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As a freelance web developer: how do I compete with Intuit?

intuit might take my clients



4:05 pm on Jan 11, 2010 (gmt 0)

5+ Year Member

I'm a web developer who is been working with other freelance web designer for some time now. But I noticed these annoying Intuit TV commercials lately: free templates, low domain prices and even a bit of SEO.
How do I compete with something like that?
What would you guys say if a client says something like "well in Intuit, the templates are free, they give you full customer services...and so on?
Thank you


9:19 pm on Jan 11, 2010 (gmt 0)

WebmasterWorld Senior Member 10+ Year Member

What would you guys say if a client says something like "well in Intuit, the templates are free, they give you full customer services...and so on?
I would say, "Have you ever tried to *use* their "full" customer service? It stinks.

Not to mention that Intuit is constantly trying to upsell something or other that one would have expected the originally-purchased product to have done.

I highly dislike Intuit and their services would be among the last I would ever consider using for anything.


9:43 pm on Jan 11, 2010 (gmt 0)

WebmasterWorld Senior Member demaestro is a WebmasterWorld Top Contributor of All Time 10+ Year Member

One word... service.

Even with Intuit there is still a steep learning curve. They even say on that ad you are talking about that they offer a free 1+ hour tutorial.

Your advantage is customized service. Intuit isn't going to help users position a div nicely, or add a new tab to their nav once you reached the max for that specific template.

Some places want a site and want no knowledge of how or why it works.

Some of my clients email me updates to their sites and they love it.

They send an email, home page change this paragraph to say this "......."

Offer great service and be their webmaster, Inutit doesn't offer a webmaster, just cookie cutter crap.


3:51 am on Jan 21, 2010 (gmt 0)

5+ Year Member

Thank you very much for all your comments.
I didn't know that Intuit had such a bad customer service.


9:01 pm on Feb 1, 2010 (gmt 0)

5+ Year Member

I would also recommend you look at the clients you are going after and focus on clients that can put a value on having a good site. For example, a pizza shop is probably not going to pay $2500 for a website because they don't feel it will generate $2500 worth a business in the near future.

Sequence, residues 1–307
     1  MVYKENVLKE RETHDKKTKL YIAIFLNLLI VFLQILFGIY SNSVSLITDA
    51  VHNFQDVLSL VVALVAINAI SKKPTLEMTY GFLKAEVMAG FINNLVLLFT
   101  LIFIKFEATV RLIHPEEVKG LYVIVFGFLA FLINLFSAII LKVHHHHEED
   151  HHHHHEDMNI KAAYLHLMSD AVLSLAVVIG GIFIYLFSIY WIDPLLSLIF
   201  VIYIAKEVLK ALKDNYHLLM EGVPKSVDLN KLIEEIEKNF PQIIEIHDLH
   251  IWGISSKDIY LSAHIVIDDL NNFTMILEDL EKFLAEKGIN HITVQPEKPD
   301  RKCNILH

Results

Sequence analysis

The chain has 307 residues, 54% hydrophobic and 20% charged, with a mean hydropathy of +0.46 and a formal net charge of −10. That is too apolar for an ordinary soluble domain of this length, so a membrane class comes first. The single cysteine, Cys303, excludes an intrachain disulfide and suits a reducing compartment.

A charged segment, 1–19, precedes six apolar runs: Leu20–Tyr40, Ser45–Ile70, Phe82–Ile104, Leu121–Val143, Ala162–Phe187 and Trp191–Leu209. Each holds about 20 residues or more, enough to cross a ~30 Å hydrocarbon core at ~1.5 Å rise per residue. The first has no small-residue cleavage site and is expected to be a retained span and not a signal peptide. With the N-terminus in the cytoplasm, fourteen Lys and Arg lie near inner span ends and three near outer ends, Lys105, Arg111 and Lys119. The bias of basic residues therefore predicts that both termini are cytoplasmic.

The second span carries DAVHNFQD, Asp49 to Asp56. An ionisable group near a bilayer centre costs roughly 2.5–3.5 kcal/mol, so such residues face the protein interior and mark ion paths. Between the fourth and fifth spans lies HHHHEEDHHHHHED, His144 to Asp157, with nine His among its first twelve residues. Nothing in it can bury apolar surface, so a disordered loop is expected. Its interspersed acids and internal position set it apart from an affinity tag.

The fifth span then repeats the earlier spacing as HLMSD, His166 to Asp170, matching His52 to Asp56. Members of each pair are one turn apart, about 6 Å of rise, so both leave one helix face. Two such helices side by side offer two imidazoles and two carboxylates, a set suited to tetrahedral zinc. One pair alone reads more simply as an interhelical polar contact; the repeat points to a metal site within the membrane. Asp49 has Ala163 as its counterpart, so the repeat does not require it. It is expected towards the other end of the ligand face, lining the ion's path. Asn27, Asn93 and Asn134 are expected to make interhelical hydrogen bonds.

However, a law firm that specializes in say personal injury knows the value of a good website could yield them a $1M case, so they aren't focused on "free" templates.

The other thing to do when a perspective client mentions the "free" template, you can respond with "Wow, that seems like a great deal. So how do you think they make their money?" Try to get the client to come to their own conclusion that nothing in life is free.

If the client determines that Intuit will probably try to upsell them, this is more powerful then you telling the same thing. You now become a trusted advisor to them, rather then someone who is just trying to sell something. Remember, people like to buy, but they don't like to be sold.


12:03 am on Feb 17, 2010 (gmt 0)

5+ Year Member

Thank you again guys, all your posts make me a lot more confident.
Besides intuit, are there more big companies that provide the same web services? I'd like to see what their prices are so I can be competitive.


3:19 am on Feb 17, 2010 (gmt 0)

WebmasterWorld Senior Member 5+ Year Member

Read the advice that was given to you again: don't compete with the big companies.

Here's another thread that you may find worthwhile: Is the '$300 a site' price point working for you [webmasterworld.com]


10:27 am on Feb 19, 2010 (gmt 0)

WebmasterWorld Senior Member 5+ Year Member

How do I compete with something like that?

Don't compete, destroy!

Most clients looking to pay you for your services are also looking to earn money online. Remind them that it takes results and not promises to get free search traffic and that results can be measured in rankings/traffic.

Then find one of these hapless cookie cutter auto-sites and determine what terms it ranks best for. Spend some time creating a better site that destroys it in the rankings and use the project as an example with potential customers. Document your progress and show off the results.

If you can't outrank a mostly automated website building service then don't compete. I've yet to find such a site that wasn't filled with flaws.

A word about SEO, and this is my opinion. Many say it's ultra important and suggest you buy some SEO help for your site. Many more say SEO is dead. I have a different belief, I think it's ultra important BUT has to be there from the start. Once a site is fully indexed it becomes much harder to get full credit for your SEO efforts, do it right the first time.

Customer service, or hiring an SEO expert to fix problems, is a second best option imo so hire the pro before launching the site.

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